In Wilson v. Discover Bank, 2012 WL 1899539 (W.D.Wash. 2012), Judge Leighton exercised permissive supplemental jurisdiction over a counter-claim for the underlying $4,000 debt in a case filed under the TCPA. Judge Leighton found that exercising jurisdiction over the debt collection claim did not impede enforcement of the consumer’s rights under the TCPA.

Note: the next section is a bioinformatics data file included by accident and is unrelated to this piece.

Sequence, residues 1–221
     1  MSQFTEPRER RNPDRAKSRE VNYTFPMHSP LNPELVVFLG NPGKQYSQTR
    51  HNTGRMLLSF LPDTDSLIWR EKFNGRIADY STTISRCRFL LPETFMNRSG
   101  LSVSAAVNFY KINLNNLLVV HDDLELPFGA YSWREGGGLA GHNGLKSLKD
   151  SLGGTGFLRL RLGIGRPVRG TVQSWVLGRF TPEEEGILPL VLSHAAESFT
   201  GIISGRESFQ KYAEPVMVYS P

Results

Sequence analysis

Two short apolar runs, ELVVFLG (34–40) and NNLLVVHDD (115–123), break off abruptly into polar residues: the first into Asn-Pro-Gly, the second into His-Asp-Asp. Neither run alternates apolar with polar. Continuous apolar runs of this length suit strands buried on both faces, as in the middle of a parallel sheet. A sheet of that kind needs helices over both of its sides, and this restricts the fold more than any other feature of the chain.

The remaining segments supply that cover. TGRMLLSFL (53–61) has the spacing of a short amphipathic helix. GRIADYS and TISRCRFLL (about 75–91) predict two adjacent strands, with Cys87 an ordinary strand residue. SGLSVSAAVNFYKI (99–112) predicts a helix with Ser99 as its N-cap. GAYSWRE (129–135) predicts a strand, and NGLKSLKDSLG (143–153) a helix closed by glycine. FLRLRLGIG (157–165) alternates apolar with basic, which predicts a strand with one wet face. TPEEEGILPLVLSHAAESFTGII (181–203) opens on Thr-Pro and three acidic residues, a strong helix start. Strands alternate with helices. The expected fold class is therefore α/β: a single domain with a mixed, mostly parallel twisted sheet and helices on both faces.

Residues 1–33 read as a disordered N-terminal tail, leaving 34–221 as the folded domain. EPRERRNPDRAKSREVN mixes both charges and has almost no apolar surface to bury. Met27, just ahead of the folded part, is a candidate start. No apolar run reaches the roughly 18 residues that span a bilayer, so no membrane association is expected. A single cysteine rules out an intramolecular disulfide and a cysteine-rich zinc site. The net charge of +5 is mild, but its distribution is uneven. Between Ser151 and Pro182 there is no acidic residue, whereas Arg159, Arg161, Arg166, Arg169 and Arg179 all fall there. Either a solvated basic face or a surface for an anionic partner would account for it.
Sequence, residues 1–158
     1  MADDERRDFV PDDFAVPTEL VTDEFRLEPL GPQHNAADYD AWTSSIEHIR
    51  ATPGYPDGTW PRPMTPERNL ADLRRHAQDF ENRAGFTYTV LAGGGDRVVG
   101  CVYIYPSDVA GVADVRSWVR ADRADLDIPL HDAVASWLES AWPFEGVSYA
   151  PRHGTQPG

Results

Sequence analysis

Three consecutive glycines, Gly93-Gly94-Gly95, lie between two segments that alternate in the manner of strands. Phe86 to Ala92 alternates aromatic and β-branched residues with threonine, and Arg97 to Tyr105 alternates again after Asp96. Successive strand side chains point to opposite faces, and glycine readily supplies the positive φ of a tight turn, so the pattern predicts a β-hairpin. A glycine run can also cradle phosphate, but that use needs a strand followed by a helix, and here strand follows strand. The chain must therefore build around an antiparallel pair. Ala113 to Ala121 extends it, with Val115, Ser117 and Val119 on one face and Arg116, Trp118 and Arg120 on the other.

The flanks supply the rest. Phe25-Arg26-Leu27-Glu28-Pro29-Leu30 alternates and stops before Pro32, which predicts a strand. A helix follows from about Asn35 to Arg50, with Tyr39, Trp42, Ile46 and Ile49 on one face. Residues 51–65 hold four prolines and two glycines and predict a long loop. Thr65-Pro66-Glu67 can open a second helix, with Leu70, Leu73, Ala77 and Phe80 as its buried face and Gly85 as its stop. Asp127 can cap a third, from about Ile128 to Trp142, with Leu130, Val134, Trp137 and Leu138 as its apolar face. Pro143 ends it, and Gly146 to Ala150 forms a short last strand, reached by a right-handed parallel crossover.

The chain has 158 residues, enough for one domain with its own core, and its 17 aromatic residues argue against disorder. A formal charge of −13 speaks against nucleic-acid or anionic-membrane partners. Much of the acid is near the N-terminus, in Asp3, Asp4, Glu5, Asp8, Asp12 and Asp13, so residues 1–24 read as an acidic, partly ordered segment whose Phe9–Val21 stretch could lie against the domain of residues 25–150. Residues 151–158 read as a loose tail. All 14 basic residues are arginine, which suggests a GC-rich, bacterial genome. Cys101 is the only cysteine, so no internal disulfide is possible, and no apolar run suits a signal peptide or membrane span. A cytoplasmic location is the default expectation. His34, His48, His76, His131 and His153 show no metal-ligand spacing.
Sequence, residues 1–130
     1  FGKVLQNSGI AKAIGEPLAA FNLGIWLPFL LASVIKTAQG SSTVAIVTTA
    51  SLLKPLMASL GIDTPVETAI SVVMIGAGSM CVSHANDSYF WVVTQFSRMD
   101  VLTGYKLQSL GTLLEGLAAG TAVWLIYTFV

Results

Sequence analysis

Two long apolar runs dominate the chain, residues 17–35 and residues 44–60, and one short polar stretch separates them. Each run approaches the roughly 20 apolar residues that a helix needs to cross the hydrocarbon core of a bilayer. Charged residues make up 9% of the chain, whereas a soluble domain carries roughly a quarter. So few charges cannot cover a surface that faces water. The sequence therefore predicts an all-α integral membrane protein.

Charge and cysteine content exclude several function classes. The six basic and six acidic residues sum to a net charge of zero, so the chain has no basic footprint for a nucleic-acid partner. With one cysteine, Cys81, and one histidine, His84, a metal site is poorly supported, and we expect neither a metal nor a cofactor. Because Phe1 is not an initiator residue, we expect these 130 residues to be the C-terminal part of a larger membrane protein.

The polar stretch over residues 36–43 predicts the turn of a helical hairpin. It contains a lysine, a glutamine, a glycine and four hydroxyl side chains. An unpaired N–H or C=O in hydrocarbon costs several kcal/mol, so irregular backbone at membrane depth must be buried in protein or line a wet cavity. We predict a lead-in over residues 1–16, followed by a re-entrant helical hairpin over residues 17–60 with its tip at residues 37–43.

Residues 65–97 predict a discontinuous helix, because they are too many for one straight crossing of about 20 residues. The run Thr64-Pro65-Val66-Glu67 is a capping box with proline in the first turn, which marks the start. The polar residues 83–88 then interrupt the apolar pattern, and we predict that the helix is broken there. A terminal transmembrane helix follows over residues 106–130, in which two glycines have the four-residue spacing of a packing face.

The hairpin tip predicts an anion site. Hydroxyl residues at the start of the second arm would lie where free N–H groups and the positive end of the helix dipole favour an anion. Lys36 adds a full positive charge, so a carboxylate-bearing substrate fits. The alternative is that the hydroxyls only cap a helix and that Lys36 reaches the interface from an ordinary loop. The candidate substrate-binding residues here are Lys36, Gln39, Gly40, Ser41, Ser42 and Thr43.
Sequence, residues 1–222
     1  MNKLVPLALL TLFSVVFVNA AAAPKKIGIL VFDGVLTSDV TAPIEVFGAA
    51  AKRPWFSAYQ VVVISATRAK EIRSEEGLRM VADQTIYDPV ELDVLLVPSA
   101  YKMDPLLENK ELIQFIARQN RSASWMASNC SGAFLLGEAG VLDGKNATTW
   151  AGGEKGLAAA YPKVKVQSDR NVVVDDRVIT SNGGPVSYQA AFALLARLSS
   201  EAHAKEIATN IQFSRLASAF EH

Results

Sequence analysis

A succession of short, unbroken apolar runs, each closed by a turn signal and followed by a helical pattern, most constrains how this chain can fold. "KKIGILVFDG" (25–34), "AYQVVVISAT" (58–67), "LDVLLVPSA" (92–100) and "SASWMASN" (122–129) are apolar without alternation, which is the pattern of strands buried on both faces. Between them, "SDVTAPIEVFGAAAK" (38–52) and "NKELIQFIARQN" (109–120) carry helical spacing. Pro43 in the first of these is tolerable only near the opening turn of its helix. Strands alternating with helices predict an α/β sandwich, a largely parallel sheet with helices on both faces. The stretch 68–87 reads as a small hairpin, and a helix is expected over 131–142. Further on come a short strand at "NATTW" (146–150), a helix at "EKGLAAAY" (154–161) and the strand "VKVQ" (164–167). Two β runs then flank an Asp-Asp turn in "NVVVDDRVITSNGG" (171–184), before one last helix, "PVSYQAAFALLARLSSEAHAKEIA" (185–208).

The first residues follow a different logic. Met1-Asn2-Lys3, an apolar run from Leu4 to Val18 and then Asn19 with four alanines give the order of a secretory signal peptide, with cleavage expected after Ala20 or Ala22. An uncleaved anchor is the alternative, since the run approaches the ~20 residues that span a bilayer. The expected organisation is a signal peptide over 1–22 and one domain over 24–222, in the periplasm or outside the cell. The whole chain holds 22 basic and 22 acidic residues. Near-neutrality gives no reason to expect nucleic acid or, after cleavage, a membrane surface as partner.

Where supplemental jurisdiction exists, a district court may decline to exercise such jurisdiction. § 1367(c). The statute provides four justifications for declining to exercise supplemental jurisdiction: (1) the claim raises a novel or complex issue of State law, (2) the claim substantially predominates over the claim or claims over which the district court has original jurisdiction, (3) the district court has dismissed all claims over which it has original jurisdiction, or (4) in exceptional circumstances, there are other compelling reasons for declining jurisdiction. § 1367(c). Here, Ms. Wilson argues that allowing Discover to seek to collect the underlying debt in a federal action to enforce the TCPA might “impede the expeditious enforcement of the policies giving rise to enactment of the [TCPA] and would have a chilling effect on the exercise of the consumers’ rights under the [TCPA].” Pl.’s Mot. Dismiss at 9 (citing Campos v. W. Dental Servs., Inc., 404 F.Supp.2d 1164, 1170 (N.D.Cal.2005); Sparrow v. Mazda Am. Credit, 385 F.Supp.2d 1063, 1071 (E.D.Cal.2005); Cabrera v. Courtesy Auto, Inc., 192 F.Supp.2d 1012, 1020 (D.Neb.2002)). Discover argues that any hesitation to bring a TCPA claim will not result from allowing this type of counterclaim because, unlike the FDCPA cases, most TCPA cases will not involve such counterclaims. Def.’s Opp’n Mot. Dismiss at 8. Indeed, debt collection calls are exempt from the TCPA. Id. at 9 (citing Meadows v. Franklin Collection Serv., Inc., 414 Fed. Appx. 230, 235 (11th Cir.2011)). In addition, given the relatively small amount of the alleged debt, $4,034.34 plus costs and fees, it appears unlikely that the Court’s exercise of supplemental jurisdiction over Discover’s counterclaim against Ms. Wilson would have a “chilling effect” on Ms. Wilson’s TCPA claim or on future TCPA claims by other individuals. Nor would it predominate over Ms. Wilson’s TCPA claim, as she argues, because of the small amount of debt owed and the connection to Discover’s affirmative defense. See Pl.’s Mot. Dismiss at 7. Moreover, the exercise of supplemental jurisdiction here will promote the goals of judicial economy and efficiency, as all claims related to the alleged debt incurred by Ms. Wilson will be resolved in a single action.